11. In Bennett Coleman and Co. Ltd. v. Union of India, : 2SCR757 , the validity of Newsprint Policy of 1972-73 was challenged on the around that it was violative of fundamental rights guaranteed tinder Arts. 19(1)(a) and 14. It is in that context that the Supreme Court examined the amplitude of the fundamental right guaranteed tinder Art. 19(1)(a). The Supreme Court has made the following observations in that behalf:
'Freedom of speech could not be restricted for the purpose of regulating the commercial aspects of activities of the newspapers'. (Paragraph 33 of the report)
The freedom to public commercial advertisement is not a part of freedom of speech. The freedom of the press can be enriched by removing the restrictions on page limit and allowing them to have new additions of newspapers. Freedom lies both in circulation and in content.
12. Mr. Patel has invited our attention to illuminating observations made in the dissenting, judgment in this case: paragraphs 120 to 125, 133 to 135and 139 and 140. It is risky and imprudent for the High Court to rely upon the observations made in a dissenting or a minority judgment. We, therefore, respectfully refrain from making any reference to them lest we should be unwittingly influenced by them.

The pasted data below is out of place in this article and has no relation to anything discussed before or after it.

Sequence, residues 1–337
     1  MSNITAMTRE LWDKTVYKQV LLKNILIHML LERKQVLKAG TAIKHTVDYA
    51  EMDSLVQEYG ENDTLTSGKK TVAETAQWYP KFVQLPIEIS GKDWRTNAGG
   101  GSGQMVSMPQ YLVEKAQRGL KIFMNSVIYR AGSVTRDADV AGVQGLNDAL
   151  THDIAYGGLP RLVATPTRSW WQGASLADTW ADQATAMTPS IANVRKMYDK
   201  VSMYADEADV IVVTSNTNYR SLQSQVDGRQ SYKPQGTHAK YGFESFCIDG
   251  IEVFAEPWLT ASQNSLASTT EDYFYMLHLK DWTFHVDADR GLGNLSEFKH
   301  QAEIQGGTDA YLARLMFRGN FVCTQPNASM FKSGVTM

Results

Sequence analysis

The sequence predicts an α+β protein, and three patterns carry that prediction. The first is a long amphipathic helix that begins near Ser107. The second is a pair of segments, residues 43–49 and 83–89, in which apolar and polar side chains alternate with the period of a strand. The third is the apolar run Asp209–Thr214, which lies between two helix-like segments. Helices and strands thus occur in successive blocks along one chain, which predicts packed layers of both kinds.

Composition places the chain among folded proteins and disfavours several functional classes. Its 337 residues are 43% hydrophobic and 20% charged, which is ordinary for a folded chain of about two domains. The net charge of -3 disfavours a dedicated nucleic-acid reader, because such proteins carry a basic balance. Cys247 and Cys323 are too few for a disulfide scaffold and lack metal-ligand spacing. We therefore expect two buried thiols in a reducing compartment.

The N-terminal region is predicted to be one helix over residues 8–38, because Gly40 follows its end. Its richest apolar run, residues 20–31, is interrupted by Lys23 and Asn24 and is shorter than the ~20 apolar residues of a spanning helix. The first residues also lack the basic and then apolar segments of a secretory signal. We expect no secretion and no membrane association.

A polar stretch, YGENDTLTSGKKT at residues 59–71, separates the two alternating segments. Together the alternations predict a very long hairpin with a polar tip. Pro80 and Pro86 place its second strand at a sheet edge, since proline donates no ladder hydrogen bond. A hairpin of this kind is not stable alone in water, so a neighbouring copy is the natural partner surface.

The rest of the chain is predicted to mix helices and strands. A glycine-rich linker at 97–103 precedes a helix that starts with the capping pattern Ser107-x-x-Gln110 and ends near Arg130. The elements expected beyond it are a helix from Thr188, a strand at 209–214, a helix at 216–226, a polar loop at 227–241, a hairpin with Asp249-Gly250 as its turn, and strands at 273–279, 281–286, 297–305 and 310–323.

13. The next decision to which Mr. Patel has invited our attention is in Smt. Maneka Gandhi v. Union of India, AIR 1978 SC 597. The question of personal liberty under Art. 21 arose in that case.
Referring to clause (1) of Art. 19 (paragraph 77 of the report), this is what the Supreme Court has observed:
'It is possible that a right does not find express mention in any clause of Art. 19(1) and yet it may be covered by some clause of that Article.'
Freedom of press is one such right. It is the most cherished and valued freedom in a democracy. The Supreme Court has further observed as follows: